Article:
Rushed. That’s how women feel in the modern age. In a hurry to get the house cleaned, the shopping done, the kids to school, that presentation for work ready. No one expects more from us than we expect from ourselves. Trying to cram 30 hours of ToDos into each day means we are bound to cut corners. The corners we most often cut are those we need for our own health. We are accustomed to ‘sucking it up.’ Always planning for ‘when things settle down,’ we aren’t willing to accept that chaos is the new normal.
If you find yourself thinking you’ll wait until the kids are older before you get back to the gym, or feeling guilty about swinging through the drive-thru one more time, consider this: 80 percent of your immunity comes from you gut, and therefore, your diet. Your physical and mental performance is directly affected by what you eat. If you need more energy and brainpower, you’ve got to make your diet more of a priority.
The nutrients you need to run on ‘optimum’
Everyone, including women, need to eat nutrient-rich foods to maintain their health. One area in your budget you should probably try to increase is your food budget. We all spend money on our health. It is a toxic, crowded world and there is no escape from that expense. You can choose if you spend less money on food and more on medicine, or more on better food and supplements and less on medicine. With the latter, you’ll have a better quality of life, but it does take more time and effort.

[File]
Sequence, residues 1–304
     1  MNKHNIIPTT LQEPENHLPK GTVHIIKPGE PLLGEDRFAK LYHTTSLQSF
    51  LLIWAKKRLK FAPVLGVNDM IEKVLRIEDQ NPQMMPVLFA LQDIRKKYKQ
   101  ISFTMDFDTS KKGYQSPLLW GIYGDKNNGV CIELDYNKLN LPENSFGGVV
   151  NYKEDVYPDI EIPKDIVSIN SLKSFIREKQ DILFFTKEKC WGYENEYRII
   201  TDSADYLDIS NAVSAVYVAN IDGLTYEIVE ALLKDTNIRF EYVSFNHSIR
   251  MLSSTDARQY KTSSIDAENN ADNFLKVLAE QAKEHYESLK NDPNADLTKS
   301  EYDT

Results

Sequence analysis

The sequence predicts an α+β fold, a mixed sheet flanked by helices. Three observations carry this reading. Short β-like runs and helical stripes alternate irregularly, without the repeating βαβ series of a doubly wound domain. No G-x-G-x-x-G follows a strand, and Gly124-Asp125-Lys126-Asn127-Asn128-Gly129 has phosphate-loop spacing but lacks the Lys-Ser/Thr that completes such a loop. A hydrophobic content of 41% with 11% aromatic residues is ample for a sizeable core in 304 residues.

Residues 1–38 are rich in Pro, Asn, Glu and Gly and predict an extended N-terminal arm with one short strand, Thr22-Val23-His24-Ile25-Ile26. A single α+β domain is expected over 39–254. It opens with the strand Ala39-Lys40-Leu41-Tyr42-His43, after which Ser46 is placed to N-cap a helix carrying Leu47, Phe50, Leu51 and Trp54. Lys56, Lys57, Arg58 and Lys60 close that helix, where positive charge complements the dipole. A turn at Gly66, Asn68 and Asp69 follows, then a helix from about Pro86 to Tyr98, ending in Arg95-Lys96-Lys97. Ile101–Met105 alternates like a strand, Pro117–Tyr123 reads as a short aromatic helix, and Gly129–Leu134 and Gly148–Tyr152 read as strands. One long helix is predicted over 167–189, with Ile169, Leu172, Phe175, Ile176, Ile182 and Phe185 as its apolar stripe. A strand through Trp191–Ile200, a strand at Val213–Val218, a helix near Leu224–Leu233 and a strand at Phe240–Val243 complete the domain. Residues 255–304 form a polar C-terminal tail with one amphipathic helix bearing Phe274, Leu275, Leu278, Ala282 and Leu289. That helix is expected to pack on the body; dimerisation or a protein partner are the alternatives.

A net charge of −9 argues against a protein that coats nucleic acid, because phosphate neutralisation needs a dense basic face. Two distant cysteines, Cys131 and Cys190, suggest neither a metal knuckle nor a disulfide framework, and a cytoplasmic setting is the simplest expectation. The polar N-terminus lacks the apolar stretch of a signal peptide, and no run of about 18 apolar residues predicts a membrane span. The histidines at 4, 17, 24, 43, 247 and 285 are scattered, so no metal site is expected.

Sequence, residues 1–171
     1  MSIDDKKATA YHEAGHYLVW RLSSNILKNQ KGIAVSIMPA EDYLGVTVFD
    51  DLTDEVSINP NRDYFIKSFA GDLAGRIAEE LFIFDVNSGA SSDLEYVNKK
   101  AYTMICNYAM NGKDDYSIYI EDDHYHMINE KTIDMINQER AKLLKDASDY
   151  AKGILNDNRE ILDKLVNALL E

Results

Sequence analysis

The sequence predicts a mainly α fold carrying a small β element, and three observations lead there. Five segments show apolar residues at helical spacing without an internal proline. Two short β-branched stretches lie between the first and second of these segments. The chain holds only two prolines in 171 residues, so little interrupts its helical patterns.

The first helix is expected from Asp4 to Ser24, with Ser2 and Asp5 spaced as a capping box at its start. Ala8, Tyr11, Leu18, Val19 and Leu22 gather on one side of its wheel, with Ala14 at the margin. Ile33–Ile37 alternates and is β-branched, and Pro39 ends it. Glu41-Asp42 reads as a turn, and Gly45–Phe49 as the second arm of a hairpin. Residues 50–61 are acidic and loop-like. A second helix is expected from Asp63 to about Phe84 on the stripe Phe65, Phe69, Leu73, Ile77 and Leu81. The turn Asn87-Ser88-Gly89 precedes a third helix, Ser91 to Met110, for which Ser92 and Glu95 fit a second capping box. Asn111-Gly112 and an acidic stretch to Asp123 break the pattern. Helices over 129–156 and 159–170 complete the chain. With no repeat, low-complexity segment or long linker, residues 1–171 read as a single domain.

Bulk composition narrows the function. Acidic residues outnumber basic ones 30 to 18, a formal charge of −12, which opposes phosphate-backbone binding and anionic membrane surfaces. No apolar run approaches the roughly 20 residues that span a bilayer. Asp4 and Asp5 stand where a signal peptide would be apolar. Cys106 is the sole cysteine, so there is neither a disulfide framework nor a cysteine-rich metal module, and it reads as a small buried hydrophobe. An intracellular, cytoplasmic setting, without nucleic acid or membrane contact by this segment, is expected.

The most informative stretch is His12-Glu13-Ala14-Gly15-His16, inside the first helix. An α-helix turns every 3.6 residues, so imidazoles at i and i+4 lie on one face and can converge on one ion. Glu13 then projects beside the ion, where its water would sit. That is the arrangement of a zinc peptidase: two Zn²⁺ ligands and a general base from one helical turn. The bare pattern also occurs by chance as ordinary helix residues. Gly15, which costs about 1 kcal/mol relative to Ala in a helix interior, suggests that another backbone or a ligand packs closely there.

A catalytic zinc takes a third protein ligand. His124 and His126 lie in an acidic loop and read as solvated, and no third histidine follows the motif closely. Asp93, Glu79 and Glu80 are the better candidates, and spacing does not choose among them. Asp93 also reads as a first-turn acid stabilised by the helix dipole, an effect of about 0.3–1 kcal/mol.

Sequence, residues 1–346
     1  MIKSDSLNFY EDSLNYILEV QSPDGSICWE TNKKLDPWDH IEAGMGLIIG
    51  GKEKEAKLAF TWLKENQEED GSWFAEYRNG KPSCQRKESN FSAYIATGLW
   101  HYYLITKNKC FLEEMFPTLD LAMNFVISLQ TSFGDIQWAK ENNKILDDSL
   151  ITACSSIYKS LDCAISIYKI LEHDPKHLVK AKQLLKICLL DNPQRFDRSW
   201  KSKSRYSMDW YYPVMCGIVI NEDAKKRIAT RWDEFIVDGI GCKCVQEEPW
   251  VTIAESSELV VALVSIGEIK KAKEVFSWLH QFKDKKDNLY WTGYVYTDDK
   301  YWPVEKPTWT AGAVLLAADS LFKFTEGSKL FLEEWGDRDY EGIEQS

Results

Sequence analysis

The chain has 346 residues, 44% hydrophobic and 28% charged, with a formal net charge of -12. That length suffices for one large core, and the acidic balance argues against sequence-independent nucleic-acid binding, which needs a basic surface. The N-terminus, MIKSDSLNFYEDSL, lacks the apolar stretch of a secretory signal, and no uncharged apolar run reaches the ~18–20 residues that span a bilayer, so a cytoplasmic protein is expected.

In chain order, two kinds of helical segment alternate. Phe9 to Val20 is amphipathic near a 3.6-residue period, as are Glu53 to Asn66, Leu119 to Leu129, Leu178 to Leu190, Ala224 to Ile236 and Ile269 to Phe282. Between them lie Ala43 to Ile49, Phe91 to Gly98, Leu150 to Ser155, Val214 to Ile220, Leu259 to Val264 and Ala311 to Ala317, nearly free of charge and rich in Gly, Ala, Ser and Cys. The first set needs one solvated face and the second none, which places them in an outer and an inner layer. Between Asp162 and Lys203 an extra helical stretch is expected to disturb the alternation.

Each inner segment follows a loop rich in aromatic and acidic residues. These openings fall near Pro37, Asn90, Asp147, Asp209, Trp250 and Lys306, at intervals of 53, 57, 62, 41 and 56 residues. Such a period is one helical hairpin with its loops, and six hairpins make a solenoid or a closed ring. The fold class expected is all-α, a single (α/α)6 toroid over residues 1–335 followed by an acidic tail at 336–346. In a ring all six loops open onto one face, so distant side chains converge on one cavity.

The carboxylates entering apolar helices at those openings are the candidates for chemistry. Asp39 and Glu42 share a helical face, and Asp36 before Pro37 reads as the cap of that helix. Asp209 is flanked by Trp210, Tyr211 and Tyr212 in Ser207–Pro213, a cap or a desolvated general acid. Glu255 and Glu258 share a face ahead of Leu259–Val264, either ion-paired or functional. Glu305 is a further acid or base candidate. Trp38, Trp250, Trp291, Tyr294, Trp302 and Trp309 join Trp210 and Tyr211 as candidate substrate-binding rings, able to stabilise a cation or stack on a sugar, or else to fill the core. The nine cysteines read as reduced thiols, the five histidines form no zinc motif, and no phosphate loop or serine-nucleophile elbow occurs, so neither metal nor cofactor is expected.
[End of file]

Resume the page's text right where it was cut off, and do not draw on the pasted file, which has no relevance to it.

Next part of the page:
The nutrients we need our food to be rich in include:
• Protein for muscle and strength
• Iron for our blood
• Folic acid for the formation of both red and white blood cells
• Chromium for healthy blood sugar
• Calcium for bones and teeth
• Magnesium for many things including healthy organs
• Vitamin D for heart and bone health
• Vitamin C for immunity and antioxidants
• B vitamins for adrenal health and to fight stress
• Enzymes for digestion and nutrient absorption
• Fiber to get the most out of your food and help fight disease
• Essential fatty acids to nourish your brain and vascular system
• Lots of good, clean water
Superfoods provide optimum nutrition